B1G Notes: More isn't necessarily better when it comes to Big Ten football bowl teams
If all goes the way it should, the Big Ten Conference will put 10 of its 12 football teams in bowls this season.
Sorry in advance, holiday football watchers. The Big Ten is a lot of things presently, but a league worthy of 10 bowl teams? Sorry, I'm not jumping on that ship.
Eight squads have clinched bowl eligibility. Northwestern (5-5) and Purdue (5-5) are one win away. But the Wildcats host woeful Minnesota this week and the Boilermakers host woeful-er Indiana in two weeks.
So unless disaster strikes for Northwestern and Purdue, the Big Ten will have representation in roughly 30 percent of your bowl calendar (which now features a staggering 34 bowl games and one national title contest).
That number looks great on paper for the league. But how will it look if, and perhaps when, the conference finishes with a sub-.500 mark in postseason play?
In a year where the Big Ten doesn't have one team that could even pretend to argue for a spot in the national title race, the league will likely be able thump its chest nationally about how tough and competitive its crop of members are.
Reality, though, tells a different story.
Wisconsin looked like a national player until it forgot to play the game's final minute against Michigan State and Ohio State. The Spartans, meanwhile, fell flat on their face against an average Notre Dame squad earlier in the season before getting steamrolled at Nebraska two weeks ago.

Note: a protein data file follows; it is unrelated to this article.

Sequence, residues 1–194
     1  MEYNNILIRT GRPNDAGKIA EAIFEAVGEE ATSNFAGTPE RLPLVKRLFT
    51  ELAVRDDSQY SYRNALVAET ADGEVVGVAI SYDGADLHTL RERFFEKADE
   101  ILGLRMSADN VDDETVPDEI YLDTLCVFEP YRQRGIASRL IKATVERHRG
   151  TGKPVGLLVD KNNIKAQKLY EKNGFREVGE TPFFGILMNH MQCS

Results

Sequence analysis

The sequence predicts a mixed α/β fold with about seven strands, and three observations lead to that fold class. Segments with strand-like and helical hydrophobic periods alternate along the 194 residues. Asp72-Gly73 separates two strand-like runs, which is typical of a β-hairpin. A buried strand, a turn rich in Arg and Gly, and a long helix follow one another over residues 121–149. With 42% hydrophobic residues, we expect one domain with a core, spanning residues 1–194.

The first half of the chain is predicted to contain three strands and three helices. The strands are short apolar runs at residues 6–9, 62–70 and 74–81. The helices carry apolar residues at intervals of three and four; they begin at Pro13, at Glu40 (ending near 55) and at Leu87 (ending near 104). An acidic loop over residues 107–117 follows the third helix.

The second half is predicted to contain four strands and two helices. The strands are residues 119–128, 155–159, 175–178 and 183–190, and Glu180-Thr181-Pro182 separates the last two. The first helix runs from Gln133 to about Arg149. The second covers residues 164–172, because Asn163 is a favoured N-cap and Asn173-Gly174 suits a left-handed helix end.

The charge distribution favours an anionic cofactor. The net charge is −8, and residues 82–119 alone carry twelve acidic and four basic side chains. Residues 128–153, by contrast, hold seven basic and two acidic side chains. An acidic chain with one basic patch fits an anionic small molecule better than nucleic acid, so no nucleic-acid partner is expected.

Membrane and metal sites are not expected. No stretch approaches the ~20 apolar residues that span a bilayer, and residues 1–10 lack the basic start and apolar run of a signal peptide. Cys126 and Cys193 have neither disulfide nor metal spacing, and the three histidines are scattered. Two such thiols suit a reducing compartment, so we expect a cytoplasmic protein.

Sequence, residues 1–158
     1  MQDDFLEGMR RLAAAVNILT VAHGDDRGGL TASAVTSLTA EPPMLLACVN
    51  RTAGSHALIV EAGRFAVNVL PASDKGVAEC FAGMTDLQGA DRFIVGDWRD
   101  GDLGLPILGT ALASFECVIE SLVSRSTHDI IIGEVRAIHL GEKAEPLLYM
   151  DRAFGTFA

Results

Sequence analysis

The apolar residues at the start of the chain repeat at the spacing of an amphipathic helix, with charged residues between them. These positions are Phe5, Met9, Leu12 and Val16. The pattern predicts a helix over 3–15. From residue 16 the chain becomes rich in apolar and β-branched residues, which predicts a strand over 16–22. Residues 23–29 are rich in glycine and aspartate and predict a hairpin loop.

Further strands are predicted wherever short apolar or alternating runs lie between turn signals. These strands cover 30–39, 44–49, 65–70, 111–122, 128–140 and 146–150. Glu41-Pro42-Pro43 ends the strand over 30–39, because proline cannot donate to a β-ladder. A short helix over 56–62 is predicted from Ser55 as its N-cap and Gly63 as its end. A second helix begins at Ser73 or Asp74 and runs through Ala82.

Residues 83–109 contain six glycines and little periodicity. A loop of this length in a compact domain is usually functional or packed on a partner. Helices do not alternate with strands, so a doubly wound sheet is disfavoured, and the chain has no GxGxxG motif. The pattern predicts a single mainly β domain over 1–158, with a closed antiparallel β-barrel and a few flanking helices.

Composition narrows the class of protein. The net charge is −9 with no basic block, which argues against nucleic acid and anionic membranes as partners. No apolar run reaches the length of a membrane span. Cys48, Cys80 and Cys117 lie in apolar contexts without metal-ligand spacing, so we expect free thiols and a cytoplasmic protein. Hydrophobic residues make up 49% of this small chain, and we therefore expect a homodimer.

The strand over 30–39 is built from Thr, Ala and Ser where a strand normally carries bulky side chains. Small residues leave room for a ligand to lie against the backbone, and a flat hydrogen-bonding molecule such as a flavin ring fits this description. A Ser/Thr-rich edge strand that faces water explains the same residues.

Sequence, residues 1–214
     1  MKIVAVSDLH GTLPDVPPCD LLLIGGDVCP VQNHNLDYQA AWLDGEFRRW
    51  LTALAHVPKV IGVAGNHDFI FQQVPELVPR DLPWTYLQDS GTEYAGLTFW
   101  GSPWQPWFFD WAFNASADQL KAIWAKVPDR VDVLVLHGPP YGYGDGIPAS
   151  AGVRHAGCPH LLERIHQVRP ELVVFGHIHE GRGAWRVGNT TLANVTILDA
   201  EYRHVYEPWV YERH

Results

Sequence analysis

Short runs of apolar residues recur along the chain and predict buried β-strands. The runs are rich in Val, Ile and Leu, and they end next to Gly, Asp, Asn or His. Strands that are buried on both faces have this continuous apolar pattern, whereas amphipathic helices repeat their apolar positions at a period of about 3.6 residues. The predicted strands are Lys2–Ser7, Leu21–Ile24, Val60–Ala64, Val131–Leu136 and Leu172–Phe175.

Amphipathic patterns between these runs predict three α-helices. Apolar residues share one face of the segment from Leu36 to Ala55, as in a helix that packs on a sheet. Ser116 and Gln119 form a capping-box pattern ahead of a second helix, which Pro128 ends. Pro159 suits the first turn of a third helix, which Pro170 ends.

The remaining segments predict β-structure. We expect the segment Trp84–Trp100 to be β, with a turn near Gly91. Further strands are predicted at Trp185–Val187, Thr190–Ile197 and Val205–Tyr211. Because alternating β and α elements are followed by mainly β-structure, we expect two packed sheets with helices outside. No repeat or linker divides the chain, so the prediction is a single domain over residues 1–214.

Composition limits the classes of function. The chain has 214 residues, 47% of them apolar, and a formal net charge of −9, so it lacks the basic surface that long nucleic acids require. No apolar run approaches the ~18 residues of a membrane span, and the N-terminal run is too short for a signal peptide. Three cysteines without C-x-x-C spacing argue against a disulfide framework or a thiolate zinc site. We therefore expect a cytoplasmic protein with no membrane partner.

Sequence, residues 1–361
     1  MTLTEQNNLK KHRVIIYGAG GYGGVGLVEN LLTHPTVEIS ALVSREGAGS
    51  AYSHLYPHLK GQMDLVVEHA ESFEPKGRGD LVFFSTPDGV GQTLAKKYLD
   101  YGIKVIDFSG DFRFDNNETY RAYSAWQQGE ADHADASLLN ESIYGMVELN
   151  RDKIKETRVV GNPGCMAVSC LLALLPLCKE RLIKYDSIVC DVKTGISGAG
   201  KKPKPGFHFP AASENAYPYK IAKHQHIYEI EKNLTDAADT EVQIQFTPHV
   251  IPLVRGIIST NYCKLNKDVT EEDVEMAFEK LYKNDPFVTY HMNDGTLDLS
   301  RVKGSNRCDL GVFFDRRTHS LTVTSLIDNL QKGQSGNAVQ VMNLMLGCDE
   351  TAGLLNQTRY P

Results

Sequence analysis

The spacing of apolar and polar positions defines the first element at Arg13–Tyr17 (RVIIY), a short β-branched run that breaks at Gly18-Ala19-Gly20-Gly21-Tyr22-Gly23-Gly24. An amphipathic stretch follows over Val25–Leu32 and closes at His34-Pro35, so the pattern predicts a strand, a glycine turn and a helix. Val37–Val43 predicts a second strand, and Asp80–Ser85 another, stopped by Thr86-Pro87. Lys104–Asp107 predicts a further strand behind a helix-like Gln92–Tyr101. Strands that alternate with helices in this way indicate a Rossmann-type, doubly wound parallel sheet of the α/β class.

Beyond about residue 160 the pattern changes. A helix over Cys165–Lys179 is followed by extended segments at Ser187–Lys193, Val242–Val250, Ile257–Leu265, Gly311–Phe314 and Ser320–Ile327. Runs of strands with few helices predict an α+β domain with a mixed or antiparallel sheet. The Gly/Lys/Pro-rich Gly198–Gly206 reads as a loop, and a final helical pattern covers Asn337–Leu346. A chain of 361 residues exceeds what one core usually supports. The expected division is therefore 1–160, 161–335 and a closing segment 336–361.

The Cornhuskers? They were an early-season favorite to contend for a league crown, and possibly a national title. That notion was shucked rather quickly, though, as it lost to Wisconsin by 31 points before embarrassing itself at home against Northwestern two weeks ago (the same Northwestern team that lost to Army).
What about the traditional powers? Ohio State grabbed control of its own destiny earlier this month by before gagging in overtime to a Purdue squad that lost to Rice and needed a blocked field goal to beat Middle Tennessee. Michigan, meanwhile, dropped its fourth straight game against Michigan State before falling on the road against Iowa — one week after the Hawkeyes gave Minnesota its first win of the year.
Illinois started 6-0 but has dropped four straight and appears to be derailing. On Tuesday, after having a linebacker get shot in the hand and two other arrested for a fight over the weekend, Ron Zook walked out of a weekly news conference after being asked about his job security.
So, there's that.
Last, but not least, there's Penn State. The Nittany Lions' issues off the field are obvious. On the field, though, the reality is that Penn State has barely squeaked by just about everyone it has beaten (PSU edged Temple by four and Indiana by six).
The Big Ten will likely put 10 teams in bowls this year, more than any other league. But it won't be because it is the country's best league (hello, SEC), or because it has 10 teams who deserve a postseason.
It'll be because the Big Ten has money, a ton of bowl ties and enough mediocre teams to fill them.
Happy watching, everyone.
Sky high: No. 12 Michigan State (8-2, 5-1 Big Ten)
The win avenged a loss a year ago, and more importantly, firmly planted the Spartans in the driver's seat for the Legends Division title and a spot in the inaugural Big Ten Championship game.
All the Spartans have to do is beat the league's worst team (Indiana) at home this week, and get help from rival Michigan against Nebraska, and they punch their ticket to Indianapolis.
The last time the Spartans were in a Rose Bowl (1988), Ronald Reagan was in office.